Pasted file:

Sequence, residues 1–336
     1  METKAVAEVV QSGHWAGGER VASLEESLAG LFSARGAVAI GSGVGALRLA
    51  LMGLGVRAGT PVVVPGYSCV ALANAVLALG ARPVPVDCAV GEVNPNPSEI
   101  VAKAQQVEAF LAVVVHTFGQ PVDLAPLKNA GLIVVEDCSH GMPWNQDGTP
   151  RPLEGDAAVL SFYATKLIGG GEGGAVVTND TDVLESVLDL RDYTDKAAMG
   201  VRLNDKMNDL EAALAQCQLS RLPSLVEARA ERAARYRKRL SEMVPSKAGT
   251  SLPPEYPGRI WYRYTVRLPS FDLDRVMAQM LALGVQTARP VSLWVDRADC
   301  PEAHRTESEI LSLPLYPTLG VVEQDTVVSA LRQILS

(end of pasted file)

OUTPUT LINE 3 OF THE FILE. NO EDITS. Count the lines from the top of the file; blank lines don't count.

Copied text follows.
    51  LMGLGVRAGT PVVVPGYSCV ALANAVLALG ARPVPVDCAV GEVNPNPSEI